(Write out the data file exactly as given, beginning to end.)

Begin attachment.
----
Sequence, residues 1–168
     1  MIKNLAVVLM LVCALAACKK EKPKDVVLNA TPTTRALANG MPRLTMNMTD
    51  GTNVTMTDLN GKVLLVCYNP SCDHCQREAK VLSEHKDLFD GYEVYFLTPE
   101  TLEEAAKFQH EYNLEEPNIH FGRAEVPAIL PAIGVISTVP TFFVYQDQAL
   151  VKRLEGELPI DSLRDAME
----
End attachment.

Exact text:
Sequence, residues 1–168
     1  MIKNLAVVLM LVCALAACKK EKPKDVVLNA TPTTRALANG MPRLTMNMTD
    51  GTNVTMTDLN GKVLLVCYNP SCDHCQREAK VLSEHKDLFD GYEVYFLTPE
   101  TLEEAAKFQH EYNLEEPNIH FGRAEVPAIL PAIGVISTVP TFFVYQDQAL
   151  VKRLEGELPI DSLRDAME